In addition to complying with all applicable requirements under the Condo Act, all owners, residents, employees of the condo corporation, guests and others must comply with the condo corporation’s governing documents. It is very important that you read and understand a condo corporation’s governing documents before purchasing a unit. If you are unfamiliar with the requirements set out in your governing documents, you may unknowingly cause issues, requiring the condo corporation to respond to enforce the provisions found in these documents. The governing documents include:
1. The Declaration;
2. By-laws; and
The governing documents must be consistent with the Condo Act.
1. The Declaration is one of the foundational documents of the condo corporation. The declaration is often considered the constitution of the condo corporation and contains many important provisions. It will include:
- The proportions, expressed in percentages, of the common interests allocated to each unit;
- How much each unit will pay for common expenses, expressed as a percentage;
- Which parts of the building will be exclusive use common elements, which are often things such as balconies; and
- The responsibilities of owners and the condo corporation to repair and maintain the units and common elements.
The declaration may be changed with the consent of at least 80% or 90% of voting units depending on what the change is.
2. By-Laws describe how the condo corporation is to govern itself. The by-laws can be considered the administrative guide for the condo corporation. A condo corporation’s by-laws often deal with a wide range of matters. For example, by-laws may govern:
- How directors are elected;
- How common expenses are collected; and
- When/how the condo corporation can borrow money.
By-laws must be both reasonable and consistent with the declaration, as well as the Condo Act. By- laws must be approved by the owners of a majority of the units, except where the Condo Act provides otherwise, and registered with the Land Registry Office.
3. Rules regulate the use of the units or common elements or assets in a condo corporation. The condo rules will dictate what individuals on the condo property can and cannot do. Rules must be reasonable and consistent with the declaration and by-laws, in addition to the Condo Act. Rules must either: promote the safety, security or welfare of the owners, property, or assets of the condo corporation; or prevent unreasonable interference with the use and enjoyment of units, common elements or assets. Examples may include:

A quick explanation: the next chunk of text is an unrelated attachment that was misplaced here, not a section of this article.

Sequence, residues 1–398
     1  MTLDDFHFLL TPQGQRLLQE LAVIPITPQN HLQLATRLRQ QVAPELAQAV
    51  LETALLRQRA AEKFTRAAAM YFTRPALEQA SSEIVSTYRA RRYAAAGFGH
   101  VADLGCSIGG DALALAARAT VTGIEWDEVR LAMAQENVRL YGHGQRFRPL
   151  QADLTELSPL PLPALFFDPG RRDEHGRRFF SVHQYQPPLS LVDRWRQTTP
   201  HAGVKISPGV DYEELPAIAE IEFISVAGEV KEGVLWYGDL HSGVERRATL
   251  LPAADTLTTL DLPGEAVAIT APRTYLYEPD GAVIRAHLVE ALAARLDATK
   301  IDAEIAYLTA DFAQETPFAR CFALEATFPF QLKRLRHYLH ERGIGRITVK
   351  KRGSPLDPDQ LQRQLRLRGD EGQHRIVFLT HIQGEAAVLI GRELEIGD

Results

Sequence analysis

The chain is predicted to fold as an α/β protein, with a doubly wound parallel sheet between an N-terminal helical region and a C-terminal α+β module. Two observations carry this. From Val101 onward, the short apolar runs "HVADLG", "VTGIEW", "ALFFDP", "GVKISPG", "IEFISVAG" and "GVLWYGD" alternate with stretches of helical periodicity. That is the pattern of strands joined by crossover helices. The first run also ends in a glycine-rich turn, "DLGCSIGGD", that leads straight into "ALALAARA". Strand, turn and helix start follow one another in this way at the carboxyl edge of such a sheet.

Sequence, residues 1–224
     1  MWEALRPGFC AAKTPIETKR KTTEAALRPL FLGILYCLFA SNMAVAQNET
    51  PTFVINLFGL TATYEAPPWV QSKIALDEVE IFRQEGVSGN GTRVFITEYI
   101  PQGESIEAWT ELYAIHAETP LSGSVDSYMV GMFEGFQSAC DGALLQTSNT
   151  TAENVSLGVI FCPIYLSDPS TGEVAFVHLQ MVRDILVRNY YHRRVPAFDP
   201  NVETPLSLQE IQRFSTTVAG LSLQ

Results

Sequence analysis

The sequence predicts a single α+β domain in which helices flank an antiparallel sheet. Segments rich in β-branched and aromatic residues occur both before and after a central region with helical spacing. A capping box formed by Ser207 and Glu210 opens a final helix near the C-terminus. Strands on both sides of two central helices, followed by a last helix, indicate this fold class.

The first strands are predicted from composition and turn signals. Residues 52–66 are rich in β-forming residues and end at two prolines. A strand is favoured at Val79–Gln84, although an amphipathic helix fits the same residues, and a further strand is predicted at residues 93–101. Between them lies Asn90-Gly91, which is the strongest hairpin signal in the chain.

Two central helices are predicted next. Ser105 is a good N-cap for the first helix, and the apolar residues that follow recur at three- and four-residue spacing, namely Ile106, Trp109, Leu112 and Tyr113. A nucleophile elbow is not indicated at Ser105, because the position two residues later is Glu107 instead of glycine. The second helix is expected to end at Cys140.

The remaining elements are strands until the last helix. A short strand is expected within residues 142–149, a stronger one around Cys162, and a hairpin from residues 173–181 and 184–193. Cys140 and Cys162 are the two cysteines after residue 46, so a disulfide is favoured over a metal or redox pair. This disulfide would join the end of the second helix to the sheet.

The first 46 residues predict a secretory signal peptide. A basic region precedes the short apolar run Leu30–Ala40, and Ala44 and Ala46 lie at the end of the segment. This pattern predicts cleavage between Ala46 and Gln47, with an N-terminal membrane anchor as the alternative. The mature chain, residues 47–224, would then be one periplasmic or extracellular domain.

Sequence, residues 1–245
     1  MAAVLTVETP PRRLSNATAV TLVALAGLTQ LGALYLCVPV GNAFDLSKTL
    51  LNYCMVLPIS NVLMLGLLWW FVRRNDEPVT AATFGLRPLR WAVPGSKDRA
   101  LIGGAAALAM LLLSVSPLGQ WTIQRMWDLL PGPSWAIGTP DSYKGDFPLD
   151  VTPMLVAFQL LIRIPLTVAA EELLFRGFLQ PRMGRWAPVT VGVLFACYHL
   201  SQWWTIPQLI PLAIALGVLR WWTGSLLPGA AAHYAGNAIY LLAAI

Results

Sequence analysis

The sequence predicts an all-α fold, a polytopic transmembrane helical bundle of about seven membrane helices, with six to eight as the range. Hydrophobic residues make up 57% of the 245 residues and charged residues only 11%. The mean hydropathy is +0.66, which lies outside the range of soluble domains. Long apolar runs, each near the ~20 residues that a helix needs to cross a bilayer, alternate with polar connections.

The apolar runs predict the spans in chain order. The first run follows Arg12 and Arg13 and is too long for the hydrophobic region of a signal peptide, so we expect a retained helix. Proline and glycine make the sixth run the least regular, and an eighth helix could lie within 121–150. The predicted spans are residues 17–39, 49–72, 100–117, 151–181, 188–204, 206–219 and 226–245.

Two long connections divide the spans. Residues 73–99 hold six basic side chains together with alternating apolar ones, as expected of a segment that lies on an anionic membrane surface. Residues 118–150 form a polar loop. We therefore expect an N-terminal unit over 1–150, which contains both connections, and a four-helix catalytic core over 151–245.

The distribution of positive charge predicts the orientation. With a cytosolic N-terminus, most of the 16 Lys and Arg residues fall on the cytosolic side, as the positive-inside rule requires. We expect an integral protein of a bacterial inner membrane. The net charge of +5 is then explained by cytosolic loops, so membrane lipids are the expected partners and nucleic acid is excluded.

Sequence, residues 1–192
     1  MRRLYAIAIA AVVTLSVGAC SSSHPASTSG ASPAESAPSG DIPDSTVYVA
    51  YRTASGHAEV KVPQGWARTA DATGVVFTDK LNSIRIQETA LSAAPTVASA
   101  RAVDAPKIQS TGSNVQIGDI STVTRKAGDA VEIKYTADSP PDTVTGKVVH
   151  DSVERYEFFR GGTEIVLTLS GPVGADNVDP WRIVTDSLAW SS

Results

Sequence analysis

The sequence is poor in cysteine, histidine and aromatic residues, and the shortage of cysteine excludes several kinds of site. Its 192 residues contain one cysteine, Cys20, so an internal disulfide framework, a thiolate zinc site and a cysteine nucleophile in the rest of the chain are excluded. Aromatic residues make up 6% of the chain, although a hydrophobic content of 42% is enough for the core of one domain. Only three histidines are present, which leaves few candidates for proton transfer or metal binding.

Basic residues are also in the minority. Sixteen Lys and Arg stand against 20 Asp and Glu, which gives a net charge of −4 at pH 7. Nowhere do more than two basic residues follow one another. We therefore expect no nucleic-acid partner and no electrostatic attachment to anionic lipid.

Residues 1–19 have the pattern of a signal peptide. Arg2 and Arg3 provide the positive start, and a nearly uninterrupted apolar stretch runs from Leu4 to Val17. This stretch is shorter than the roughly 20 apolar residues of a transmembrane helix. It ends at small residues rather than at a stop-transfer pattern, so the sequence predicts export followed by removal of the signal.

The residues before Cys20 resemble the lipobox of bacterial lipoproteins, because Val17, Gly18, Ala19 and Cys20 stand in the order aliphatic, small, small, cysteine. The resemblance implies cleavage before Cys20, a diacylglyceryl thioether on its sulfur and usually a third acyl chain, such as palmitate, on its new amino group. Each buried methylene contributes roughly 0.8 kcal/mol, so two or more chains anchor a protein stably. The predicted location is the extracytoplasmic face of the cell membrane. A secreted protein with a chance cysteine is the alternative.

- Restricting smoking, vaping and/or the growing of cannabis;
- Restricting short-term rentals; or
- Limiting the number or size of pets allowed in the building.
Upon making, amending or repealing a rule, the board shall give a notice of it to the owners that includes:
- A copy of the rule;
- A statement of the date that the board proposed the rule will become effective;
- A statement which says that the owners have a right to requisition a meeting; and
- A copy of sections 46 and 58 of the Condo Act.
Owners who disagree with the rule may be able to requisition an owners’ meeting regarding the rule and then have a vote during the meeting to prevent the changes to a rule(s) from being passed. If the owners do not requisition a meeting, the rule becomes effective the day after 30 days have passed since the board gave the owners notice of the rule. For more information on owner requisitioned meetings, please see section 3.2 of this Condo Guide.
- Introduction to Condominium Living
- Condominium Governance
- Condominium Corporation Governing Documents
- Condominium Finances
- Living in Units and Using Common Elements
- Condominium Management
- Raising Issues with your Condominium Board
- The Condominium Authority of Ontario
- Condominium Management Regulatory Authority of Ontario
- Compliance and Enforcement Mechanisms